Some People Still Get It, How To Let Vendors Down The Right Way: I loved this post from Jon Kee over at Ektron about how they lost a deal and what happened next.
[...] I hate losing. And after this effort, I am disappointed that we weren’t selected. However, two things happened that made it a little less painful.
First, the CIO, whom I greatly respect, took the time to call and explain their decision. He explained their process, where they saw differences among the solutions, and what was most important to them.
[...] Then, I got a call this week from their Web Manager. She knew that the CIO had already called and told me that we’d lost. She didn’t have to call.
We too lost a heartbreaker of a deal recently. By my estimate, we had $10,000 into the response, which involved three people flying to Austin, Texas for a day.
What hurt is that I thought we had it locked up. When I left the client’s office on a very hot day in May, I felt as strongly about that deal as I have about any deal.
Six weeks later, they pulled the rug out from under us in a short, four-sentence email:
Unfortunately, we did not select Episerver as our solution.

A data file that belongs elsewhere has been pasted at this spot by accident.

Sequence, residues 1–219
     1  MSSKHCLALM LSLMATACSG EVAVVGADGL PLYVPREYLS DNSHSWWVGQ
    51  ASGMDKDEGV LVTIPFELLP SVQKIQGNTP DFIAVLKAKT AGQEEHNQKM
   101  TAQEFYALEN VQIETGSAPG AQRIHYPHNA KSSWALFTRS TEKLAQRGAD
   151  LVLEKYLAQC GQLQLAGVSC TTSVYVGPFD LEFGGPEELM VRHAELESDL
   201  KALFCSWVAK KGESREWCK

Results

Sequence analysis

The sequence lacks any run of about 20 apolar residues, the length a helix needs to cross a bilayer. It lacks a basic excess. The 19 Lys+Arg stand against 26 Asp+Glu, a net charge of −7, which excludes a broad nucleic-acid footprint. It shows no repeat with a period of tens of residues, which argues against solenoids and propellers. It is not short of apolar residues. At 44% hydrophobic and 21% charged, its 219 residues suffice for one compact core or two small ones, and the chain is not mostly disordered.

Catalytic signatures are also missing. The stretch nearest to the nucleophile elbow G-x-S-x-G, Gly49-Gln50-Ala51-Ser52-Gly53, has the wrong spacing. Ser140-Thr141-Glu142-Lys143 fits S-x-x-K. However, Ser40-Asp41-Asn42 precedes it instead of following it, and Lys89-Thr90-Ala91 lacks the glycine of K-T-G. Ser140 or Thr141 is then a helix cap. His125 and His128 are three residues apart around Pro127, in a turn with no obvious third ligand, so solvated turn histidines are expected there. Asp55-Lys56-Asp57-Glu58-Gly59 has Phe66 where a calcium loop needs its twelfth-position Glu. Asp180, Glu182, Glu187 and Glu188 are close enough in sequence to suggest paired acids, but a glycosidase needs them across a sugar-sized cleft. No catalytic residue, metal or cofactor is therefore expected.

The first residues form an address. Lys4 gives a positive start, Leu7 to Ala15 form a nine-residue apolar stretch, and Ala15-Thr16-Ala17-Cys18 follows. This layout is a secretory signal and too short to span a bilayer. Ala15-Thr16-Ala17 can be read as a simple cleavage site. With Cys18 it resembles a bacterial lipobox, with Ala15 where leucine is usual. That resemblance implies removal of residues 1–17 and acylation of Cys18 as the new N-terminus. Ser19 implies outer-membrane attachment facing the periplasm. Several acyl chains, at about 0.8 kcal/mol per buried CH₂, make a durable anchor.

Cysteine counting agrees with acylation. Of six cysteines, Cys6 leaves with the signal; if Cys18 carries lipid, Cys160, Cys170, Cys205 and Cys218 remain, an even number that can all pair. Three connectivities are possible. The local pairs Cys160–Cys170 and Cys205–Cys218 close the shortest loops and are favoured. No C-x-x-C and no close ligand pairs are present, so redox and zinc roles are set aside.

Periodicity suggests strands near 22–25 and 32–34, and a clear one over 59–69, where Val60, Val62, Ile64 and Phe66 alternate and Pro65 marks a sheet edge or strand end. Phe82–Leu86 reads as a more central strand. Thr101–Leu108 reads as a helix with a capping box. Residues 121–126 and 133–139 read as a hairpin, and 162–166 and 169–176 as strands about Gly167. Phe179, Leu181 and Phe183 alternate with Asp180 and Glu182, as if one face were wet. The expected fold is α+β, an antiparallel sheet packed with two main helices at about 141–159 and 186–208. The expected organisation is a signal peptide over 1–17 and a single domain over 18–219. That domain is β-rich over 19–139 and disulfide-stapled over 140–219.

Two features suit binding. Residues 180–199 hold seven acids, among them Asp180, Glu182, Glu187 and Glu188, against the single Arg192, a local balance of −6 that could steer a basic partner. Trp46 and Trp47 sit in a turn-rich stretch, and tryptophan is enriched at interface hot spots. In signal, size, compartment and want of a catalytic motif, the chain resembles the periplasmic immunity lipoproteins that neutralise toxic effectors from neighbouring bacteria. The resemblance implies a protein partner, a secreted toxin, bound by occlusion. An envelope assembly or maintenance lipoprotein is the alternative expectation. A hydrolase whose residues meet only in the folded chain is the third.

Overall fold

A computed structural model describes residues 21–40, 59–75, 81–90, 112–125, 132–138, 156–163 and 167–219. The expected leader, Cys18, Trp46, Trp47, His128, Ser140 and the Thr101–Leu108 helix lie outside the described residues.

It hurt. I was depressed for weeks after. Like I talked about recently, I put my heart and soul into these things.
I contacted the client and asked him for an “exit interview,” as Jon referred to it. He agreed, and that took some of the sting off. I got him for 20 minutes on the phone, and got to ask him questions about the deal and where we went wrong. I was hoping that there was some misunderstanding or external factor that led to us losing it, but it turned out that we just plain got beat. It happens that way sometimes.
If the client hadn’t agreed to the call, I think I would have been a bit upset. The fact is, responding to an RFP costs real money (hint: write good ones), and with that much invested, I almost think he owed us the call. Of course, he doesn’t owe us anything, technically, but to deny us the right to ask questions would have been exceptionally poor form, when we put so much into it.
The bottom line is this: when you ask a vendor to respond to an RFP, you are asking for a commitment from that vendor. Yes, it’s a gamble for that vendor, but you are getting something too – multiple pitches help you get perspective on your project, and without a pitch, picking a tool would be harder.
In exchange for this commitment, do the losing vendor a favor and help them understand why they didn’t make it. It’s small payback, but it’s something, and it really helps take the sting off.